Despite its concern with speech and the English class system, Shaw's "Pygmalion" is a Cinderella story in which Cinderella realizes how fragile a glass slipper can be.
Shaw was fanciful enough to imagine a lower class girl being transformed into an elegant young woman, but he was too aware of human absurdity to believe that her transformation would leave her "happy ever after."
Val May's production, with a cast largely imported from London (praised be Actors Equity!), shows an equal awareness of such absurdities. May has given the actors wonderful business throughout (particularly in the tea party scene) that heightens the comedy.
Even weaknesses in the two leads cannot spoil the overall pleasure of the production. Peter O'Toole, though properly abrasive, is a rather languid Henry Higgins. But even when he looks like an aging dandy, his features are still arresting, able to project irony with the merest upturn of a lip.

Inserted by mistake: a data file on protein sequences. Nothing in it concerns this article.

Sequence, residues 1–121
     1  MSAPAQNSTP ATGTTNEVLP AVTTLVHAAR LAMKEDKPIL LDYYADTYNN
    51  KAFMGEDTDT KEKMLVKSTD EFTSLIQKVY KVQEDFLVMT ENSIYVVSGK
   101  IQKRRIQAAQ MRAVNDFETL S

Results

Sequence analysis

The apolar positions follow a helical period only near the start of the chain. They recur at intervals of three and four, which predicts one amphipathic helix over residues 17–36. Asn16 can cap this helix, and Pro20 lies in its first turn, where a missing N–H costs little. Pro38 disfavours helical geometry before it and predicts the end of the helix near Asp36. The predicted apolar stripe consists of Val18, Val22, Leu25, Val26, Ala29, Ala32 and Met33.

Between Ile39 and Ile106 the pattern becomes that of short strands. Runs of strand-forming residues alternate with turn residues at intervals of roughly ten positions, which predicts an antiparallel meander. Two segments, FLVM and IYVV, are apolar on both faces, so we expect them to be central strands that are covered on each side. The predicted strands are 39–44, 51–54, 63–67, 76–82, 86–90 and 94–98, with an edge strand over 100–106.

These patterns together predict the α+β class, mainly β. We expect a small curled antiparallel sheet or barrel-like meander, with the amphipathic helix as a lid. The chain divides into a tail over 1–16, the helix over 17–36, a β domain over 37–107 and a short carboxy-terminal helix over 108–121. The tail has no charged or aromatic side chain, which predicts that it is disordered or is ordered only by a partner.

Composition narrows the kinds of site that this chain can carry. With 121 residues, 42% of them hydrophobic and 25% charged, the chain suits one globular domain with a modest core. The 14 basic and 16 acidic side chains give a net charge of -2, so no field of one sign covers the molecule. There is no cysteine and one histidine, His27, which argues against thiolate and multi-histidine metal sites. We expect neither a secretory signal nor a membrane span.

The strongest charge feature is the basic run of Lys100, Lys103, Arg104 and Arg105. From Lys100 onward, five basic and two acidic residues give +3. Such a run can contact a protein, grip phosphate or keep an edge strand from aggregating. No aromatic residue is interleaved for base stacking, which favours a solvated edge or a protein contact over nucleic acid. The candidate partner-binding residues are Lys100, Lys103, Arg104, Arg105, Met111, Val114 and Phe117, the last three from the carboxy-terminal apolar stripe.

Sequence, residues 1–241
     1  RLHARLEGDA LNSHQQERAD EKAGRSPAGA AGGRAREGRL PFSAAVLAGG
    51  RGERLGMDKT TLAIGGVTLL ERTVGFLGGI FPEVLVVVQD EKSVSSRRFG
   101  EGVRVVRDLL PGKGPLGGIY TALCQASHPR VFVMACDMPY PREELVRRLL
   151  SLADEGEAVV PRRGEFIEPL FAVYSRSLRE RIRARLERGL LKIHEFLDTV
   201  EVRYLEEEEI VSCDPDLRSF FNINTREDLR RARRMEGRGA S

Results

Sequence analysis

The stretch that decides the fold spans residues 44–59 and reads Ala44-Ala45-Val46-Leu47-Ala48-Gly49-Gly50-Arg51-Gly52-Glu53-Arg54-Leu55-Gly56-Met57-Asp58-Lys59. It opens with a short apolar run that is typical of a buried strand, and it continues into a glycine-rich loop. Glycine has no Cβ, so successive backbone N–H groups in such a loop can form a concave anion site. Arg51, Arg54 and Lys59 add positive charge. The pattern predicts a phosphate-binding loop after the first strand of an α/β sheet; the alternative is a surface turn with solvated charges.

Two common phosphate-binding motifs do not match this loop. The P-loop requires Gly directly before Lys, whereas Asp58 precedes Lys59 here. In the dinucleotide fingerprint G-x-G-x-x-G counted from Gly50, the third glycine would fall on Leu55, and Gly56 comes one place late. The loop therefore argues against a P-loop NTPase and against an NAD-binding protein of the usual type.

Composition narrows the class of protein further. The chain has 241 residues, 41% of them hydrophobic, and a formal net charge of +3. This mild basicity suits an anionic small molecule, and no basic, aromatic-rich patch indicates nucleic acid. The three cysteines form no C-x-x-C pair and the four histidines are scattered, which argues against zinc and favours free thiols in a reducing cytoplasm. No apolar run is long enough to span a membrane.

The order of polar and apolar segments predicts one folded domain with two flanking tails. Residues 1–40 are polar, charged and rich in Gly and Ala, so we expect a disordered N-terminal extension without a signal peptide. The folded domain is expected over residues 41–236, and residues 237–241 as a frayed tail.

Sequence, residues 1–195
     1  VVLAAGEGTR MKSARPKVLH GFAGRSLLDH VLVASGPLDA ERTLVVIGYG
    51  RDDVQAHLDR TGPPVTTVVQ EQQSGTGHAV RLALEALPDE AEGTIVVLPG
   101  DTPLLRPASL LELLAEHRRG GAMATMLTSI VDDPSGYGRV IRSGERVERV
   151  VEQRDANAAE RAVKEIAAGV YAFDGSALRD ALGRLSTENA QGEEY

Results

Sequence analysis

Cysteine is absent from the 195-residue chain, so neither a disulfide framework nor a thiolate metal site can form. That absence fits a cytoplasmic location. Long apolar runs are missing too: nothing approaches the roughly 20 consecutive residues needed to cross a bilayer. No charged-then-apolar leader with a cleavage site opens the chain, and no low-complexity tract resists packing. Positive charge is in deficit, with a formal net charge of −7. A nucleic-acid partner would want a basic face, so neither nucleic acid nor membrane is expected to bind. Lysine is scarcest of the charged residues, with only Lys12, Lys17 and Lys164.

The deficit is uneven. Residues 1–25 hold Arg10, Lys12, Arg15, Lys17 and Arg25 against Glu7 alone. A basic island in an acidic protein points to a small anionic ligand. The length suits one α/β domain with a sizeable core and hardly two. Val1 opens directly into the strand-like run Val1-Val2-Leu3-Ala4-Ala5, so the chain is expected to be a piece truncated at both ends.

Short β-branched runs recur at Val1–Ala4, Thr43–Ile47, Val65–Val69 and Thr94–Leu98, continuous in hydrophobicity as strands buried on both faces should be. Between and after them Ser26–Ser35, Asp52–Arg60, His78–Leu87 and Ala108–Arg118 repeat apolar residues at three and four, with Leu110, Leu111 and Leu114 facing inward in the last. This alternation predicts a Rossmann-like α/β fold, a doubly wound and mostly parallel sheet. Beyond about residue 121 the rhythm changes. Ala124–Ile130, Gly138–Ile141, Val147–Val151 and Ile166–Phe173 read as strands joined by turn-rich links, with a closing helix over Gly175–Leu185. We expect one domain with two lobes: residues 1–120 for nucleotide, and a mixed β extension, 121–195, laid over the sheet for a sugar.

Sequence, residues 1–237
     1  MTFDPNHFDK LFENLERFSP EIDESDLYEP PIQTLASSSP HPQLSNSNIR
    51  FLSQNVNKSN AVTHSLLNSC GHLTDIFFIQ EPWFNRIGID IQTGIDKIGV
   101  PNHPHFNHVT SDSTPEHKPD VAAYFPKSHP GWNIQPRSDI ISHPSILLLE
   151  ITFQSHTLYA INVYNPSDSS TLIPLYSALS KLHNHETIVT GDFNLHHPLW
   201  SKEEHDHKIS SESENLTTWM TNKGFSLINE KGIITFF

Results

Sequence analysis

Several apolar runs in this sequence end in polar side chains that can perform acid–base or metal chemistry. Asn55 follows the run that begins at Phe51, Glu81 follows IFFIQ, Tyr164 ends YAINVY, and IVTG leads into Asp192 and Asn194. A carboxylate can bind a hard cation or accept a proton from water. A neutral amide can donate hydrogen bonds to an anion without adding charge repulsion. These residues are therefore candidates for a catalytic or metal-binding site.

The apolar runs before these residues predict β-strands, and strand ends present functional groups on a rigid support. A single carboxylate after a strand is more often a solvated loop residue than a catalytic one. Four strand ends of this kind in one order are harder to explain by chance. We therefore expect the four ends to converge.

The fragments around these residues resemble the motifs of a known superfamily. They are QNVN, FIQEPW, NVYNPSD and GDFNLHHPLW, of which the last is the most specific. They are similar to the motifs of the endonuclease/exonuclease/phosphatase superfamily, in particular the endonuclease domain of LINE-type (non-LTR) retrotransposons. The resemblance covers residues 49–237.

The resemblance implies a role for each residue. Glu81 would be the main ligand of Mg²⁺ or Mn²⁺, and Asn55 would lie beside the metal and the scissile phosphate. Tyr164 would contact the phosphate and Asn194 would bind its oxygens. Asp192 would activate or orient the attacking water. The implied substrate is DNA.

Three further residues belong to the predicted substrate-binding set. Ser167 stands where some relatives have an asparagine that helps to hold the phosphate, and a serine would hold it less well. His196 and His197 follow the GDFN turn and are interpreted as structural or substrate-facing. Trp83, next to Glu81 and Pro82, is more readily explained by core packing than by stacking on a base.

Amanda Plummer is strongest as a flower girl, much less convincing or natural when she is supposed to be mature. Also, Higgins apparently did not have time to deal with speech problems like her mushy s's, which weaken the sense of transformation.
The supporting cast is marvelous, particularly Lionel Jeffries as Pickering, Dora Bryan as Mrs. Pearce and Osmund Bullock as the nitwit Freddy. John Mills is a stalwart Alfred Doolittle, Joyce Redman an admirable Mrs. Higgins.
Among the delights of the production is the natural, unamplified sound of human voices.
If you want to know what Bernard Shaw's play "Pygmalion" is like, just think of "My Fair Lady" without the music! Ironically, here and now, with "Pygmalion" there is a real danger of the musical tale wagging the dramatic dog.
Alan Jay Lerner adapted Shaw so faithfully but so adroitly, Frederick Loewe melodically embellished it so miraculously, that it is almost impossible now to see the play without hearing the musical as a spectral counterpoint in the background.
This is a pity, because "Pygmalion," far from a dog, is one of Shaw's best - and least preachily doctrinaire - plays, but luckily it still survives.